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Sen. Schumer hopes legislation regulating AI can pass a divided Congress


Tech industry leaders gathered in Washington this week to talk about artificial intelligence and ways to keep it under control. Congress is busy with much more short-term matters, like a self-imposed crisis over funding the government 16 days from now. So can lawmakers address a long-term question like AI? Senate Majority Leader Chuck Schumer says he's hopeful. He spoke with NPR congressional correspondent Claudia Grisales.

CLAUDIA GRISALES, BYLINE: Senate Majority Leader Chuck Schumer pulled off a historic feat this week. A group of the world's biggest tech leaders came to Capitol Hill for a private talk on the risks and possibilities of artificial intelligence. Schumer says Congress needs to dive in and regulate AI.

CHUCK SCHUMER: So the normal inclination of a legislator would be let someone else do it, I'm not going to get involved. But I felt an obligation to get involved, 'cause if we don't do something about AI, much worse things could happen.

GRISALES: Schumer and a bipartisan group of senators have made it their mission to start crafting comprehensive AI policy.

SCHUMER: Now, we have a long way to go. This is one of the most difficult tasks that I've ever undertaken as a legislator. But we couldn't be like ostriches - put our heads in the sand and ignored it.

GRISALES: For several hours, Tesla and X CEO Elon Musk, Meta CEO Mark Zuckerberg and philanthropist and ex-Microsoft CEO Bill Gates joined other tech giants to talk with senators. Musk has issued dire warnings of AI's threats to humanity.


ELON MUSK: The consequences of AI going wrong are severe, so we have to be proactive rather than reactive.

GRISALES: But Musk was upbeat.


MUSK: I think something good will come of this. This - I think this meeting may go down in history as being very important for the future of civilization.

GRISALES: But Congress has done this dance before. Stakeholders sing the praises of regulation and start on legislation only to fall short. But Schumer says they have no choice but to move full speed ahead.

SCHUMER: I mean, the bottom line is when other major changes in society occurred and Congress ducked them, it worked out to the detriment.

GRISALES: Social media, the internet and privacy issues are reminders of Congress' failure to regulate emerging tech. Plus, there's a lack of expertise in law and technology on Capitol Hill and a House chamber that's on a very different path. Here's House Speaker Kevin McCarthy.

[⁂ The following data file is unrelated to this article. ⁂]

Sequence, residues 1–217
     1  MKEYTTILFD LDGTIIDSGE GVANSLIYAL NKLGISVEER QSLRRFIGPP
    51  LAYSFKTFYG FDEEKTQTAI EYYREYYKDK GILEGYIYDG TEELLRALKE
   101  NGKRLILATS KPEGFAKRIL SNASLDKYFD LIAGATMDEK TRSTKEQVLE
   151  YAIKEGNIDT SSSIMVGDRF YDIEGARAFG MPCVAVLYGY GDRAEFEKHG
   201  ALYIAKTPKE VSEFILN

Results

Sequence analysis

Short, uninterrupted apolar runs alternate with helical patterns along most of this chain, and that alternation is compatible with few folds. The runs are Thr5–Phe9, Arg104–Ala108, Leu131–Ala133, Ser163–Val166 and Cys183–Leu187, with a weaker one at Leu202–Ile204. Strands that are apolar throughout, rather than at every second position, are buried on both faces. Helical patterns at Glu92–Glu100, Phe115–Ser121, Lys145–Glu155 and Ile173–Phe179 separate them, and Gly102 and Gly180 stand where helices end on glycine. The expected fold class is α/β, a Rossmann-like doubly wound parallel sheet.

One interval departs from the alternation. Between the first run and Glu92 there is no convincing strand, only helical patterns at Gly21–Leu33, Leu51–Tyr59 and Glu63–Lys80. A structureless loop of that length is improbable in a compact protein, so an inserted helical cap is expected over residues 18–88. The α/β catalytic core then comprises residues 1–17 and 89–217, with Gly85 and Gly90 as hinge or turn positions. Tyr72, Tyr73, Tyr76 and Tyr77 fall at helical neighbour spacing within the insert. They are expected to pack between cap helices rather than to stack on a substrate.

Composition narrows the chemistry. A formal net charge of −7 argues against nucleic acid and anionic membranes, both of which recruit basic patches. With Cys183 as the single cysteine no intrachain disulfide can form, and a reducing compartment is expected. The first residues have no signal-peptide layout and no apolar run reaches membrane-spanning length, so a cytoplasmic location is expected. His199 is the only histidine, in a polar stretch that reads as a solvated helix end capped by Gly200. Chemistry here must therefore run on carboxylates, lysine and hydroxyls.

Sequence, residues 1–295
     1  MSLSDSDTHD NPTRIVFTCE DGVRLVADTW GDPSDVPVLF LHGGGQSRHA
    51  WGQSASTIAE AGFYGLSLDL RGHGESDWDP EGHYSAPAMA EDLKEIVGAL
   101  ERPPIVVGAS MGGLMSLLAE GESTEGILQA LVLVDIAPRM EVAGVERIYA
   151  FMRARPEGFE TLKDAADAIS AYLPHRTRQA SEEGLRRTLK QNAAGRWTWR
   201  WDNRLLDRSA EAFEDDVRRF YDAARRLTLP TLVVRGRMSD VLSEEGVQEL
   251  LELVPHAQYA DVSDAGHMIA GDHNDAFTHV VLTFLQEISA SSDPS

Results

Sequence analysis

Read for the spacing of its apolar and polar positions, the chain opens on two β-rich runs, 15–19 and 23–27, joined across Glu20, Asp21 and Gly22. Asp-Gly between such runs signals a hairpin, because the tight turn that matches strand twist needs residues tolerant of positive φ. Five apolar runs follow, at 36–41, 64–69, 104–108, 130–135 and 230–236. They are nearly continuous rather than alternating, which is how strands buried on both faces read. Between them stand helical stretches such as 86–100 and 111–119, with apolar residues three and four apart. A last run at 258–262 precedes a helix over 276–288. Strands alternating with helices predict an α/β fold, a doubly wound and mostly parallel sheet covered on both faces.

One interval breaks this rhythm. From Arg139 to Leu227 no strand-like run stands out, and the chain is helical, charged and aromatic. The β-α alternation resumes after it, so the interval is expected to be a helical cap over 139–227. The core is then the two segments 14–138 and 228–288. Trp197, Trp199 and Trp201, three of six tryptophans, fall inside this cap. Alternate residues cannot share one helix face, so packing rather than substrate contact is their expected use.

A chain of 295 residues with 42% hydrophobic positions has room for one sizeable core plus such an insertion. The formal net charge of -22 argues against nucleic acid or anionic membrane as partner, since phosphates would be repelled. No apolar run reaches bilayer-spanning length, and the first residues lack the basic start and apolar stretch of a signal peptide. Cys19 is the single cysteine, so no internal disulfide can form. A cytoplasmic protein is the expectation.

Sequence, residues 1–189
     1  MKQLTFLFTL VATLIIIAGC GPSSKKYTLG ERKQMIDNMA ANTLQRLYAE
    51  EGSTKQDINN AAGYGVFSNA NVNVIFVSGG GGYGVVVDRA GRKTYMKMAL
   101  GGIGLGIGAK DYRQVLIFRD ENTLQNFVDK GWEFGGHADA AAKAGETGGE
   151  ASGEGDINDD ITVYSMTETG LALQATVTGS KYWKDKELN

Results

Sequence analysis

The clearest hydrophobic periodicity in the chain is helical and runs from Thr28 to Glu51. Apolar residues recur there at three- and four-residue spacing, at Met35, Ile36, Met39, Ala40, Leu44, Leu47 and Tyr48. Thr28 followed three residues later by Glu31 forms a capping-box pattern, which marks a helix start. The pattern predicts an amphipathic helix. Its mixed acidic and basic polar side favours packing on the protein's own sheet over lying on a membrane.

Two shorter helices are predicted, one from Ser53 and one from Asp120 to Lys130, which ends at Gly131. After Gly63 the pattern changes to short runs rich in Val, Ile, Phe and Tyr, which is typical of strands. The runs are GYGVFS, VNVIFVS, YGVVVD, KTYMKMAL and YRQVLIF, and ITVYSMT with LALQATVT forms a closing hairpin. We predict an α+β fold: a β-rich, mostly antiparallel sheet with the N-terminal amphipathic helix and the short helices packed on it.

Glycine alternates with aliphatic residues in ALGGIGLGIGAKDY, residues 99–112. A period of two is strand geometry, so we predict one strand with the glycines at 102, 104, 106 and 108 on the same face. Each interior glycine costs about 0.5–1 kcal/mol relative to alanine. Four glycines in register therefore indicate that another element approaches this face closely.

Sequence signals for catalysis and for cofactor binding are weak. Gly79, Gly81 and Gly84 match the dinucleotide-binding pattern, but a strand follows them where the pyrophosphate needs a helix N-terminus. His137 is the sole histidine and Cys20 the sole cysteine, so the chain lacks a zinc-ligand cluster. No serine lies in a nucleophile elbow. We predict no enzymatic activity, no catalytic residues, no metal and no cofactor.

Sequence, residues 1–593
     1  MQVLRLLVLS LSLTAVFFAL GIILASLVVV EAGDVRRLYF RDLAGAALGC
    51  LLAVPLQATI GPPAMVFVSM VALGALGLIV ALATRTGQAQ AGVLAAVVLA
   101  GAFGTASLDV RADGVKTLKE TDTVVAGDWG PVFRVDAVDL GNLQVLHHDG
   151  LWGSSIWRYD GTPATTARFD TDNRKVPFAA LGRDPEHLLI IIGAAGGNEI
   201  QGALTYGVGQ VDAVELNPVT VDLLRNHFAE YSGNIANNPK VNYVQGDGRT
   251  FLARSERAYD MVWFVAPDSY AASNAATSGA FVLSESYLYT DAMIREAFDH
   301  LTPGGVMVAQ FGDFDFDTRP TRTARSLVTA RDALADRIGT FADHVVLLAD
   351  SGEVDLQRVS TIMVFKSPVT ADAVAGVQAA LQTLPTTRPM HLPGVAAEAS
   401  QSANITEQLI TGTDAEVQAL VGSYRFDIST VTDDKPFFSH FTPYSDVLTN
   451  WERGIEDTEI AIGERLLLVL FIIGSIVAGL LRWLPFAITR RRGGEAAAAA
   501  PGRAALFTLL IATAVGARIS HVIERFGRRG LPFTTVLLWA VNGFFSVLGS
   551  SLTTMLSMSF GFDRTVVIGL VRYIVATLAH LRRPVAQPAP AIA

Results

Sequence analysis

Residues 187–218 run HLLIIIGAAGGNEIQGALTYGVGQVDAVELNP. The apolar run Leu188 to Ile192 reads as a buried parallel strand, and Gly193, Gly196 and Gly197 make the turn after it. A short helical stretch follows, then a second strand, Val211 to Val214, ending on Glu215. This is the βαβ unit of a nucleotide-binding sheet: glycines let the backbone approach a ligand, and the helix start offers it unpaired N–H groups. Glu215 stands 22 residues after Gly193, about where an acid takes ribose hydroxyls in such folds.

KEVIN MCCARTHY: AI can help government save money, provide a greater service, be more efficient. I'm always looking for improvements, and that's where AI can be.

GRISALES: McCarthy is against a new regulatory agency overseeing AI, which is a key part of the Senate discussions. Schumer says he talked to McCarthy in July and he was, quote, "enthusiastic" about an AI insight forum featuring top tech execs.

SCHUMER: He said it was a good idea, and he thought the House ought to do something on AI, as well.

GRISALES: But because of a divide between the Senate and House Republicans, Congress is staring down the potential of a government shutdown later this month. And McCarthy moved forward this week with an impeachment inquiry against President Biden. But Schumer says it's not the Senate that has a problem getting things done across the aisle.

SCHUMER: The Senate is working very well in a bipartisan way. We don't want to have a government shutdown. The problem there is in the House where you have a bunch of hard-right people who almost want a shutdown, even though it hurts the country and probably hurts their party.

GRISALES: But as the House and the Senate operate in different universes of legislative priorities, Schumer says AI regulation is too important to ignore.

SCHUMER: We're not going to let that interfere with the bipartisan work we must do on artificial intelligence.

GRISALES: But even a gathering of the world's brightest minds in tech may not be enough to guarantee that this Congress can come together for ambitious AI policy.

Claudia Grisales, NPR News, the Capitol.

(SOUNDBITE OF KEITH JARRETT'S "THE RICH (AND THE POOR)") Transcript provided by NPR, Copyright NPR.

NPR transcripts are created on a rush deadline by an NPR contractor. This text may not be in its final form and may be updated or revised in the future. Accuracy and availability may vary. The authoritative record of NPR’s programming is the audio record.

Claudia Grisales is a congressional reporter assigned to NPR's Washington Desk.